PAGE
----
By Dr. April Minatrea - Clinical PsychologistFeb 10, 2017

Love can’t be earned, it can only be given.  – Donald Miller, Scary Close

 

Intimacy is seeing and being seen…knowing and being known.

Honor is the seeing part of the equation.  If you walk in the door and your spouse doesn’t acknowledge you—doesn’t even look up from their phone, you have not been honored…you have not been seen.  Intimacy is not going to happen.

Honor also means seeing the good.  If you walk in and they lay into you –“You’re late!  Where on earth have you been?  And you don’t even bother to call?”—you have been seen, but not honored.  Again, this will not lead to intimacy.

Contrast that with how it feels when you walk in and they stop long enough to look up, smile, and if even if it’s unspoken, say with their eyes, “I’m happy to see you!”  You have been honored.  It is a safe environment for intimacy.  That’s what honor does: makes it safe for vulnerability.

Vulnerability is the being seen part of the equation.  It means letting someone see the real you, what you really think and really feel.  Being authentic can be scary.  We fear that if someone sees the real us—flaws and all—they won’t love us.  But love that has to be earned by being “good enough” is no love at all.  It is when we are loved in spite of our flaws that we know we are truly loved.  The only way to experience that is to stop hiding our imperfections—to be vulnerable.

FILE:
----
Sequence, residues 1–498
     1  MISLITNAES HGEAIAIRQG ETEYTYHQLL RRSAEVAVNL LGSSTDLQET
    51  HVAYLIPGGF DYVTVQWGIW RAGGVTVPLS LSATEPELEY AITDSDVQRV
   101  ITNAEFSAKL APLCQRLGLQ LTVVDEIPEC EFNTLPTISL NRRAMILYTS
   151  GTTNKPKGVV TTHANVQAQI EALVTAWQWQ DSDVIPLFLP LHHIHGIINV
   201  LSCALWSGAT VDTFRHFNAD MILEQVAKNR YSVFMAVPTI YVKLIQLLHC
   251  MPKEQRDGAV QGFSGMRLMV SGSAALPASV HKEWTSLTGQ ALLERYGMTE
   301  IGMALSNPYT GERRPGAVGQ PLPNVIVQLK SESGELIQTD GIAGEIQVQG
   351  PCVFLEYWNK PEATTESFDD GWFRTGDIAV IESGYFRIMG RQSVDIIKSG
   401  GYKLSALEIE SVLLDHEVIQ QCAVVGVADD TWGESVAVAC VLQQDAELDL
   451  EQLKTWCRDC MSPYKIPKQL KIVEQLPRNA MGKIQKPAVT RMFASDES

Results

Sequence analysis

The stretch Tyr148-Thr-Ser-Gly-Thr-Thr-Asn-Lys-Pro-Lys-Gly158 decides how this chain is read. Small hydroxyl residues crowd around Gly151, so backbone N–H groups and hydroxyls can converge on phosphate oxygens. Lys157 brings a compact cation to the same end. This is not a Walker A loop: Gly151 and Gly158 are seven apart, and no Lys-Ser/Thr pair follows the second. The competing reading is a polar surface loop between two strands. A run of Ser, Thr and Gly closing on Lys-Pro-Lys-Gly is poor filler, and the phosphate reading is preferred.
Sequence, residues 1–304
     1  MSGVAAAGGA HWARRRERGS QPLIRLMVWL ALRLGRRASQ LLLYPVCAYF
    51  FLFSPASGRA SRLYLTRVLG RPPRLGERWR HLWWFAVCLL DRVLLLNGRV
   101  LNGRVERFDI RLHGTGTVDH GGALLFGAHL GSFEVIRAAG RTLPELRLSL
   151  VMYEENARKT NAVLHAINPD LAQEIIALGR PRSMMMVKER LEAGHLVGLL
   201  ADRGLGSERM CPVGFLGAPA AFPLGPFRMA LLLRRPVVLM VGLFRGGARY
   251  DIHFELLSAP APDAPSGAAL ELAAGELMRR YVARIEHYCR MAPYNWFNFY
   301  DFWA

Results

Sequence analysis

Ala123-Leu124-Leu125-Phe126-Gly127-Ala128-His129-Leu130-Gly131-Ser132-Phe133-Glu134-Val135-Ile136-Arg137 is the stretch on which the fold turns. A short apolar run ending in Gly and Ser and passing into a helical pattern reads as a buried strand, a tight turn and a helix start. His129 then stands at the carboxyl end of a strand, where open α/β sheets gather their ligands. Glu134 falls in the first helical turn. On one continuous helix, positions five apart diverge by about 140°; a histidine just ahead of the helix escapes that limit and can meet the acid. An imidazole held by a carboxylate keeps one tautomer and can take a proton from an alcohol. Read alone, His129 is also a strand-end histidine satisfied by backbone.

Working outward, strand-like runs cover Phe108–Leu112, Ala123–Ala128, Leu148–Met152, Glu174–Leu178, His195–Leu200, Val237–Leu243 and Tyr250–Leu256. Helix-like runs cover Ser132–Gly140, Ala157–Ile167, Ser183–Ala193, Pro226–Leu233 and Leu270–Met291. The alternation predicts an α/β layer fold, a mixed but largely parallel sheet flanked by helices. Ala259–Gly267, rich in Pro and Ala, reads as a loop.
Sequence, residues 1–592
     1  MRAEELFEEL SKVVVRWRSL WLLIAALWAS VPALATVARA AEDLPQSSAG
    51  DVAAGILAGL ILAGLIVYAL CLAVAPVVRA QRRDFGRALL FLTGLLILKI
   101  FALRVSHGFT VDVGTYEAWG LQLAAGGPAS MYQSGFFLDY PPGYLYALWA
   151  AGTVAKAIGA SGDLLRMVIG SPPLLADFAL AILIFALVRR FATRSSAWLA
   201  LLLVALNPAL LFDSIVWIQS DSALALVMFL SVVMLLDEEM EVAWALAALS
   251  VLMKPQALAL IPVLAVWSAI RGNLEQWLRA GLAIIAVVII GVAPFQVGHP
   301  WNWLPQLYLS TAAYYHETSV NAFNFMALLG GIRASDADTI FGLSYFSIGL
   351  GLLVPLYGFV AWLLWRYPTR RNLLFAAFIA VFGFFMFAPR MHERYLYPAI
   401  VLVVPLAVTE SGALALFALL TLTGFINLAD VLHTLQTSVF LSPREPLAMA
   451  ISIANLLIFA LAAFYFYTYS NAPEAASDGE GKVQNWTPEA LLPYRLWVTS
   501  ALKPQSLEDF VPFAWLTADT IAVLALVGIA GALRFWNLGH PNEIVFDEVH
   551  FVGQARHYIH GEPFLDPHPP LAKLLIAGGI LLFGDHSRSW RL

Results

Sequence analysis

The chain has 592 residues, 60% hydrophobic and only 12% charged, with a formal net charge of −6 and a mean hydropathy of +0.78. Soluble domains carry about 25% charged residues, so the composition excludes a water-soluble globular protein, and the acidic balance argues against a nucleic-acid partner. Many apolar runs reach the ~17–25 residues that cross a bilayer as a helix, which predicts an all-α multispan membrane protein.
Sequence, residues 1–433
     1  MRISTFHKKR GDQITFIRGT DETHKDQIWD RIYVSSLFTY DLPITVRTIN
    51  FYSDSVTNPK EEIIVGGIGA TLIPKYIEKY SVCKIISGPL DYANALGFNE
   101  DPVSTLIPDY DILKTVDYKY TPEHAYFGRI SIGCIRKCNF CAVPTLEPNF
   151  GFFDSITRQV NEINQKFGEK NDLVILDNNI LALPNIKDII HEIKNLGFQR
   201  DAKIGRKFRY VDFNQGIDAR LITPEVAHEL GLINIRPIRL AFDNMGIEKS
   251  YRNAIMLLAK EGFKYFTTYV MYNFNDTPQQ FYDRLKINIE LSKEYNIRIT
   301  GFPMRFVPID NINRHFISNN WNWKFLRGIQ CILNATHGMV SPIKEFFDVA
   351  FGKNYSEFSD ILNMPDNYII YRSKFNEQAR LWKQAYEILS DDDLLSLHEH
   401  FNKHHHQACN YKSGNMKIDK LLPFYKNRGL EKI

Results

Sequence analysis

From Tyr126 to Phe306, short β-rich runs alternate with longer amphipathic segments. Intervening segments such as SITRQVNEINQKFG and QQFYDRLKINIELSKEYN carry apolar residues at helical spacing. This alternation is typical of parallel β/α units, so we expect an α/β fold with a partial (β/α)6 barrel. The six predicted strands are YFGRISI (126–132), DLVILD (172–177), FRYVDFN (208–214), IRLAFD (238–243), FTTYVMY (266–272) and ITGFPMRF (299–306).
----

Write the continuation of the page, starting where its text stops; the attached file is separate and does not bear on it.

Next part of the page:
Our vulnerability also serves as a way of honoring the other person, saying, “I believe you are trustworthy.” Honoring them with your vulnerability makes it safe for them to be vulnerable with you, too.  That brings closeness and connection that creates intimacy.

These dynamics operate across all of our relationships (not just romantic ones) and on multiple levels—physical, emotional, and spiritual.  So if you’d like to feel more connected, consider: How can I honor others? Am I willing to take the risk to be vulnerable and be my true self?